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All the 223/556 bolts I have seen are not flat like the 91 or 94 bolts. When the brass after shooting is inspected you see that the bolt has almost crimped the primer into the brass causing you to have to swage the brass in order to reload it. My question is has anyone removed the raised area and what was the result. Thanks Mel
 

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I wouldn't change it.

HK Germany designed it that way for a reason, and while I can only speculate on the purpose, it seems that the roller delayed locking mechanism would allow some of the pressure from firing to exert itself on the inside of the primer cup. Seems to me, that the raised portion on the breech face would cause the brass to crimp slightly against the primer cup helping to hold it into place until the pressure dropped and the rollers were unlocked to start the extraction cycle.

While this may be inconvenient for reloading, I'd be hesitant to just get an end mill and grind it down.

The 94 bolt heads operate at much lower pressures than 5.56, but this doesn't explain the '91 bolt head being flat, if that's the case (I don't have one to compare with).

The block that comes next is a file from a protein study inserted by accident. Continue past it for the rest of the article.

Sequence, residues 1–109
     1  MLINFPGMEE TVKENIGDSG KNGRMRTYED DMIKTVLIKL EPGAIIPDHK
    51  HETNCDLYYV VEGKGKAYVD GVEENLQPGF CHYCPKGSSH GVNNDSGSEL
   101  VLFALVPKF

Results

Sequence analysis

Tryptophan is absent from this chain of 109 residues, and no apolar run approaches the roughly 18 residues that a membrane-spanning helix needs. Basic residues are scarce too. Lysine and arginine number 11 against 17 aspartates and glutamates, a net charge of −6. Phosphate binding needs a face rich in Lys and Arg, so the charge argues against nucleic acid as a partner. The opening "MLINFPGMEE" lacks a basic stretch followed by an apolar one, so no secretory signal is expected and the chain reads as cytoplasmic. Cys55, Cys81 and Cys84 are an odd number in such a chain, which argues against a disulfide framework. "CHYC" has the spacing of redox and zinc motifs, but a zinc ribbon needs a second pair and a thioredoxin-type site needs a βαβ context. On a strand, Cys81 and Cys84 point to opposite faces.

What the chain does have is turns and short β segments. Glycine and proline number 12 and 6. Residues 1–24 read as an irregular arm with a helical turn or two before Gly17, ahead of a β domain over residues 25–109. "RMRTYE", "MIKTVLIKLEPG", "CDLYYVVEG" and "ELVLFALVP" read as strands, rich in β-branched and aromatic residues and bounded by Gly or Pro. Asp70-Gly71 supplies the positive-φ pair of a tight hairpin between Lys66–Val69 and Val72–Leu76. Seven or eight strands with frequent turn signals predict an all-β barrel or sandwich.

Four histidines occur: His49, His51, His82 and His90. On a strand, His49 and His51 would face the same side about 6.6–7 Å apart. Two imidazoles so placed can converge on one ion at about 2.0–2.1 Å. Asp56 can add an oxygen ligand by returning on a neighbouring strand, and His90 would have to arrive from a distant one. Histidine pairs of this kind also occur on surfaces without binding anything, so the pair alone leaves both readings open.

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The 91/G3 carrier doesn't have a similar annular ring. But I'm with Longduck - they put it there for a reason, and it would have required either special tooling or a more complicated toolpath to do it, so I'm thinking it should stay.

You might want to check with some of the clone makers' 5.56 bolt heads and see if they all have the same thing. I know at least some of them do, I've seen them.
 

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The 91/G3 carrier doesn't have a similar annular ring. But I'm with Longduck - they put it there for a reason, and it would have required either special tooling or a more complicated toolpath to do it, so I'm thinking it should stay.

You might want to check with some of the clone makers' 5.56 bolt heads and see if they all have the same thing. I know at least some of them do, I've seen them.
The Vector 93 has the raised primer nub surrounding the firing pin hole in the bolt face. I've been told that these rifles will shed their primers during firing if that is removed. Too, if you remove that you immediately made your firing pin way too long, wouldn't you?

While it is a happy coincidence, I'm glad my Dillon Super 1050 has the primer crimp swage at station 2. :D
 

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You'll ruin your bolt. I have not done it, but trust me, you'll ruin it. As said above, Hk designed the bolt correctly. This is a combat rifle and they were absolutely not concerned with re-loading brass. Where they come from, brass is not an issue.
 
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